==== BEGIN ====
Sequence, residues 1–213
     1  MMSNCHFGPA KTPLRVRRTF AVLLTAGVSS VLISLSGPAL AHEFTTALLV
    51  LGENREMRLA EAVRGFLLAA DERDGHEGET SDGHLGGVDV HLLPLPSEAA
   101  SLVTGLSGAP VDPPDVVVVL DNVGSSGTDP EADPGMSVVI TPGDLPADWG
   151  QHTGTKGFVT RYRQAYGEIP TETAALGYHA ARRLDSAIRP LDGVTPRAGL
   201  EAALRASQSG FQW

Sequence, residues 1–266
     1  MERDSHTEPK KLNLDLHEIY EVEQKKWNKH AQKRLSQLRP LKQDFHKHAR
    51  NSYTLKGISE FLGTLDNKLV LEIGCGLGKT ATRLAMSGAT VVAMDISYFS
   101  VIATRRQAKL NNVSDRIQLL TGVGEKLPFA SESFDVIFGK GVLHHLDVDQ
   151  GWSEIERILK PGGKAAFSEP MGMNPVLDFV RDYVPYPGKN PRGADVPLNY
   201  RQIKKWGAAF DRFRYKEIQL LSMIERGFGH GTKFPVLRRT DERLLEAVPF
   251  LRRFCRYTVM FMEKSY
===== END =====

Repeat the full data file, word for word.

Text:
Sequence, residues 1–213
     1  MMSNCHFGPA KTPLRVRRTF AVLLTAGVSS VLISLSGPAL AHEFTTALLV
    51  LGENREMRLA EAVRGFLLAA DERDGHEGET SDGHLGGVDV HLLPLPSEAA
   101  SLVTGLSGAP VDPPDVVVVL DNVGSSGTDP EADPGMSVVI TPGDLPADWG
   151  QHTGTKGFVT RYRQAYGEIP TETAALGYHA ARRLDSAIRP LDGVTPRAGL
   201  EAALRASQSG FQW

Sequence, residues 1–266
     1  MERDSHTEPK KLNLDLHEIY EVEQKKWNKH AQKRLSQLRP LKQDFHKHAR
    51  NSYTLKGISE FLGTLDNKLV LEIGCGLGKT ATRLAMSGAT VVAMDISYFS
   101  VIATRRQAKL NNVSDRIQLL TGVGEKLPFA SESFDVIFGK GVLHHLDVDQ
   151  GWSEIERILK PGGKAAFSEP MGMNPVLDFV RDYVPYPGKN PRGADVPLNY
   201  RQIKKWGAAF DRFRYKEIQL LSMIERGFGH GTKFPVLRRT DERLLEAVPF
   251  LRRFCRYTVM FMEKSY